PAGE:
Smith’s last start at fly-half came during a heavy defeat by France in the Six Nations, a tournament that saw him swap in and out of the role with Farrell. He was among a number of players to struggle that day – and he has not forgotten.

“France was a long time ago now and I have played a lot of rugby since then,” Smith said. “It was a tough afternoon and I have learnt a lot of lessons. It has definitely put me in a much better position as a person and on the field as well as a player.

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“I would not say I want to rectify it, but I am a very competitive person…”

Danny Care joins Smith at half-back for the visit to the Welsh capital and with just one player from Premiership finalists Saracens and Sale present in the starting XV [Max Malins, who has since joined Bristol], the side is littered with fringe World Cup contenders.

Ellis Genge captains the team but apart from Care it is an inexperienced line-up that sees fast-rising Northampton flanker Tom Pearson make his debut at openside, with Theo Dan and Tom Willis poised to win their first caps off the bench.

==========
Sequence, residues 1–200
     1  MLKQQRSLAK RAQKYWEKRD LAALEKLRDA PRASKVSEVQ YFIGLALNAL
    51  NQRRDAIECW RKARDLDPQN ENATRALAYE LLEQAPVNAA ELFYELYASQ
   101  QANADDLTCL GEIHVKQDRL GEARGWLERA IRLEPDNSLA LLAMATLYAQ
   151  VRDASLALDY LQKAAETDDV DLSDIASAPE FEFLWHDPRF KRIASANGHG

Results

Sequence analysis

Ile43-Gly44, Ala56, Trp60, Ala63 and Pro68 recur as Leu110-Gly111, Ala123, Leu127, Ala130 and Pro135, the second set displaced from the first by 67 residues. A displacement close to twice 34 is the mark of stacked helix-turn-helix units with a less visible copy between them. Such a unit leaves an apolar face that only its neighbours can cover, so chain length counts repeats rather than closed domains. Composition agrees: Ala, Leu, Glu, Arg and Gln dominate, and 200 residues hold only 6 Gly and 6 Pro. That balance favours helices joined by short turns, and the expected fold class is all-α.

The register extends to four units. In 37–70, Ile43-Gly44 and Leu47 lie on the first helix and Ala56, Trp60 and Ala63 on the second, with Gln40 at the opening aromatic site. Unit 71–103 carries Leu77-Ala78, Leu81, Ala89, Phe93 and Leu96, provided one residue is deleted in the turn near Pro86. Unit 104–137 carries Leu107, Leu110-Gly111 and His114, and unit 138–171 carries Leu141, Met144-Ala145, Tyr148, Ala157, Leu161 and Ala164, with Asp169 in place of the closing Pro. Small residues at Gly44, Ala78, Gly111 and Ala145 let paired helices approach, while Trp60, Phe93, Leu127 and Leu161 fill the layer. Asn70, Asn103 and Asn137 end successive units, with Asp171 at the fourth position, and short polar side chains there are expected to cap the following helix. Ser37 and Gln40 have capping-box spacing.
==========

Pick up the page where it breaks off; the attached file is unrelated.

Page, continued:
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Borthwick and his coaching assistants will hold their final selection meeting on Saturday night before each player is told the following day whether they have made the cut.

“Out of the 33, the vast majority of those positions we are pretty firm on where we are. There is always a few that are written in pencil, as it were,” Borthwick said.

“The players are very clear about where they stand, where they are in the rankings of their position and what they need to do to earn their place in the 33.”

Borthwick’s squad were given a talk by England football coach Gareth Southgate during their World Cup training camp. “Gareth has got such a vast experience of tournaments as a player and in management. He shared that with the players,” Borthwick said.

“They enjoyed it, asked him plenty of questions and he was very generous in terms of his lessons and his experiences and things he has picked up on in the journey.”

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6 Comments
B
BigMaul 351 days ago

“with no players from Premiership finalists Saracens and Sale present in the starting XV”

Why are all news outlets reporting this? Oh yes, because you all copy and paste each other’s articles and don’t have a clue what you are talking about. Malins played in the prem final for Saracens and is in the starting XV. Sloppy inaccurate journalism.